11. The Supreme Court in Bibi Siddique Fatima v. Saiyed Muhammad Mahmood Hasan, : 3SCR886 , set out the principles applicable to the ownership of wakf property, where part of it is to be utilised by the descendants of the original founder.
At page 1368, it is laid down as follows :
'Strictly speaking, the ownership of the wakf property has no jural conception with any exactitude. The corpus is tied down and is made inalienable. Only the usufruct and the income from the corpus of the wakf property is available for carrying out the objects of the wakf.'
At page 1369, it is stated as follows :
'A mutawalli is like a manager rather than a trustee. The mutawalli, so far as the wakf property is concerned, has to see that the beneficiaries got the advantage of usufruct.'
12. Their Lordships referred also with approval to Tyabji's Muslim law, 4th Edn., wherein it was pointed out that the mutawalli had no ownership right or estate in the wakf property and in that respect he was not a trustee in the technical sense. According to the learned author, the mutawalli held the property as a manager for fulfilling the purpose of the wakf. There was a contrary statement of law at page 202 of Mulla's Mohammadan Law, 17th Edn,, based on a decision of the Allahabad High Court to the effect that the mutawalli was not a mere superintendent or manager but was, practically speaking, the owner. Their Lordships stated that it was not a correct statement of law. The relevant passage has been corrected in the 18th Edn., in the light of a subsequent Full Bench decision of the same High Court.
13. The effect of the creation of a wakf as set out in Ahmed G. H. Ariff v. CWT : 76ITR471(SC) , was quoted and the quotation runs as follows :
'As mentioned before, the moment a wakf is created, all rights of property pass out of the wakf and vest in the almighty. Therefore, the mutawalli has no right in the property belonging to the wakf. He is not a trustee in the technical sense, his position being merely that of a superintendent or a manager.'
14. Therefore, it is not possible to accept the contention that the entire income which the mutawalli realised from the property in so far as it related to the non-charitable purposes, belonged to him and that he merely applied the income for the maintenance of the other male descendants of the original grantee. The position of a mutawalli being merely to see that the beneficiaries got the advantage of usufruct, the income did not accrue to him in any personal capacity. He was not in the position of a person who applied the income that was already his. The right to be maintained had accrued to the male descendants of the original grantee as a result of the creation of the wakf. What the mutawalli did was merely to discharge his obligation to see that the other members, who were entitled to be maintained, got their share of the amount due to them. In the light of the indisputable legal position, the Tribunal was right in holding that the deceased was not liable to be taxed with reference to the entire portion of the property remaining after excluding the wakf.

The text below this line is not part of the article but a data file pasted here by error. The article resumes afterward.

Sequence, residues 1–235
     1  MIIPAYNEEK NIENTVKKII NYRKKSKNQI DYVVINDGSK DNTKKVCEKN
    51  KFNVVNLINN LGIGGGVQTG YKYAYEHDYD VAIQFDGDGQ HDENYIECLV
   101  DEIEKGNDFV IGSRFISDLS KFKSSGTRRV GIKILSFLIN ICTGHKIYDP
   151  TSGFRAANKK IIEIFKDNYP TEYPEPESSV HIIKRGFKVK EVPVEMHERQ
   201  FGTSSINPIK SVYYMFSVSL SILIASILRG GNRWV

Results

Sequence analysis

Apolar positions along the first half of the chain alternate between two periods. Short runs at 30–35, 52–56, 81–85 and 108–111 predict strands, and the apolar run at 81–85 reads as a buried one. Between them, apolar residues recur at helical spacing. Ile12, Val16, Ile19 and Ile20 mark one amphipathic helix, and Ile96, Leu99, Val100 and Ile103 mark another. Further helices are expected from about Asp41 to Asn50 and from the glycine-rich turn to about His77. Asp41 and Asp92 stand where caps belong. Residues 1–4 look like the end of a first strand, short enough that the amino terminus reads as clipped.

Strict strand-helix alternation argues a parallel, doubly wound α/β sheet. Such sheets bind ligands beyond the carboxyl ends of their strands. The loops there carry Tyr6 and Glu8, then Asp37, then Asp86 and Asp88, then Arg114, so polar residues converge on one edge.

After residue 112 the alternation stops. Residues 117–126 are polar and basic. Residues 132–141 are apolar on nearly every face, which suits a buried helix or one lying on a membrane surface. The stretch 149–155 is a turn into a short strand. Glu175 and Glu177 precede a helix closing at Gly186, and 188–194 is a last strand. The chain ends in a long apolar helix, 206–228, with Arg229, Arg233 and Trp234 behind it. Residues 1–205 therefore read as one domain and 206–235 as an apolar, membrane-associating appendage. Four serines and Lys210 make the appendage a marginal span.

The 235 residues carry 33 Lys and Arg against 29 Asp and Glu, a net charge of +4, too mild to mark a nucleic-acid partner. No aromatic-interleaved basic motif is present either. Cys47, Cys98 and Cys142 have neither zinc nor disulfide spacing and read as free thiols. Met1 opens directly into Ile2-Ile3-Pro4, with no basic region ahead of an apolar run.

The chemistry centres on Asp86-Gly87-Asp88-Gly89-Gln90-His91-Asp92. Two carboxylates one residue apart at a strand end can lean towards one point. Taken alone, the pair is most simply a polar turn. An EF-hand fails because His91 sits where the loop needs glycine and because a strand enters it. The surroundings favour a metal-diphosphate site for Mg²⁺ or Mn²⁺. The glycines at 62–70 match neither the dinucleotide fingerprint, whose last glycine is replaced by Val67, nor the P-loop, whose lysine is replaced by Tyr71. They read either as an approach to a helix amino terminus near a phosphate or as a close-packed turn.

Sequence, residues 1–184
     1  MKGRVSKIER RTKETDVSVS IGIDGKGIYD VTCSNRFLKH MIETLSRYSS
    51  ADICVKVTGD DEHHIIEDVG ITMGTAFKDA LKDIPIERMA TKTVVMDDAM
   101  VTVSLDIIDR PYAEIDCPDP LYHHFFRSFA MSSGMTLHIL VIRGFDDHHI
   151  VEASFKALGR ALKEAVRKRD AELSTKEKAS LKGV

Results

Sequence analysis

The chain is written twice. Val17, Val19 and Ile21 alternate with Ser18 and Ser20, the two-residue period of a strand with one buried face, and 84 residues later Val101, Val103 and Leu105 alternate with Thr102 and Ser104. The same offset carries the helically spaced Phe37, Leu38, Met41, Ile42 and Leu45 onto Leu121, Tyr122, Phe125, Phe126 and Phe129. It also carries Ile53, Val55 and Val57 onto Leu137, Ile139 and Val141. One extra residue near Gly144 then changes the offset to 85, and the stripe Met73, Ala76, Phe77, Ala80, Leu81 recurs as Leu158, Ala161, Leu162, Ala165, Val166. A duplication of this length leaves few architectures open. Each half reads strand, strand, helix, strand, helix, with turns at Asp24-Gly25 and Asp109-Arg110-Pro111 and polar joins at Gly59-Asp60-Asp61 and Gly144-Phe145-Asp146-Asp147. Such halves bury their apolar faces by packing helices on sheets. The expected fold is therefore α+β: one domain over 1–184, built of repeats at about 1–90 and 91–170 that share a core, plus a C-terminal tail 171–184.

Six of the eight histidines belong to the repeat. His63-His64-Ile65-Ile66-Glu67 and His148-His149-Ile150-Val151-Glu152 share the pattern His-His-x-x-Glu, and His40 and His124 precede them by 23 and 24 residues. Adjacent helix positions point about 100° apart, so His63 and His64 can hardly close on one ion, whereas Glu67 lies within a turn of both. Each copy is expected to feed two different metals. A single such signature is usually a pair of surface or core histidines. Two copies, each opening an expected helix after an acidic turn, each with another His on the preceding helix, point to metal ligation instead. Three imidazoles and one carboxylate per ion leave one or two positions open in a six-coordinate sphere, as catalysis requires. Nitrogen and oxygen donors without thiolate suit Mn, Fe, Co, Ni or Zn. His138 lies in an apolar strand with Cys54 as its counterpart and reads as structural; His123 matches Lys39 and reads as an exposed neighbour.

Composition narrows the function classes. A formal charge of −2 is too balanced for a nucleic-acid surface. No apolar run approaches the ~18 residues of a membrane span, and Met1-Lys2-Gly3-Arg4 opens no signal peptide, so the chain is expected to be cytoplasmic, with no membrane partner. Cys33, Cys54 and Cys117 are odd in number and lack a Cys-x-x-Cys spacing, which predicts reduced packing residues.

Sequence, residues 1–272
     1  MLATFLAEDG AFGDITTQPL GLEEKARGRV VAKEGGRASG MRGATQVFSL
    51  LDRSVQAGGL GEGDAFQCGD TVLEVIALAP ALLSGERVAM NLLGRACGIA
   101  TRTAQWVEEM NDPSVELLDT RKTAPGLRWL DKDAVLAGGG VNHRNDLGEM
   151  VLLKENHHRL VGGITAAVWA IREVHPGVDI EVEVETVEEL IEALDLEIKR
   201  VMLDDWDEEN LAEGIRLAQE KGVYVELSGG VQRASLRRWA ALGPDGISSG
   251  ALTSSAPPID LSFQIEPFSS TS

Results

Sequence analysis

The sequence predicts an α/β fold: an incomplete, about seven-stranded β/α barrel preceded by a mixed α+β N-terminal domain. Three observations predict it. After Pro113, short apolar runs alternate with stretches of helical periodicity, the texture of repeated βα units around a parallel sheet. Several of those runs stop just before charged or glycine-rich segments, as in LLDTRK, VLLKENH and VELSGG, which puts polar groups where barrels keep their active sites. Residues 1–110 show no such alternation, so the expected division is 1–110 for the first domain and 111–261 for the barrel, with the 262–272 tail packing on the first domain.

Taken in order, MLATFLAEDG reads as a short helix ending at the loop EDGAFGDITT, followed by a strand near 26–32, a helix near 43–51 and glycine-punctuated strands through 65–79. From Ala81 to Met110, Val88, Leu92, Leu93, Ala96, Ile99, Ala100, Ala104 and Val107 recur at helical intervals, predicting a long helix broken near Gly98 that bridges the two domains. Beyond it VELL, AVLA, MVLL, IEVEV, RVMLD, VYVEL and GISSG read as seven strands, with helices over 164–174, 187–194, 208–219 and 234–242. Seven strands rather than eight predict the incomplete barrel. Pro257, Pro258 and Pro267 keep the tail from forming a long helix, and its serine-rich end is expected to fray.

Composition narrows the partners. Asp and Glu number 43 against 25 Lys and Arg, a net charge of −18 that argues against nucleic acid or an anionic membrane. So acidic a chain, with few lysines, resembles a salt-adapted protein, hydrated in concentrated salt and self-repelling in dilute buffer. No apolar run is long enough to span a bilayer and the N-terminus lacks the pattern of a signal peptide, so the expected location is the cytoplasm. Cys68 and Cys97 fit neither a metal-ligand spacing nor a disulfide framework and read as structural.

15. The further question that now arises is as to what is the value of the property which can be taken to have passed or deemed to have passed on the death of the deceased. This would depend upon the number of persons, who would be entitled to be maintained out of the income from the wakf property. Though in the absence of any document it was not possible to predicate that any particular share accrued to any particular descendant and in the judgment rendered by the City Civil Court, Madras, also, there is no mention of any specific share accruing to any person, it, would follow, as a matter of principle, that the entire income will have to be divided among the male descendants of the original grantee equally. This principle also emerges from the pronouncement of the Supreme Court in the decision mentioned already at page 1369 of Bibi Siddique Fatima v. Saiyed Mohammad Mahmood Hasan, : 3SCR886 . The Supreme Court quoted with approval a passage from Tyabji's Muslim Law, 4th Edn. The relevant passage of the Supreme Court runs as follows (p. 1369):
'Unless a different intention appears 'the benefit of a wakf for a person's sons and his children and the children of his children for ever so long as there are descendants, is taken per capita, males and females taking equally and the children of daughters being included'.'
16. In the present case, the female descendants are not entitled to bemaintained from out of the property. In these circumstances, the numberof male descendants would have to be ascertained and the per capita rulewould have to be applied.
17. The result is that the question referred has to be answered in the affirmative and in favour of the accountable persons. The accountable persons will be entitled to their costs. Counsel's fee Rs. 500.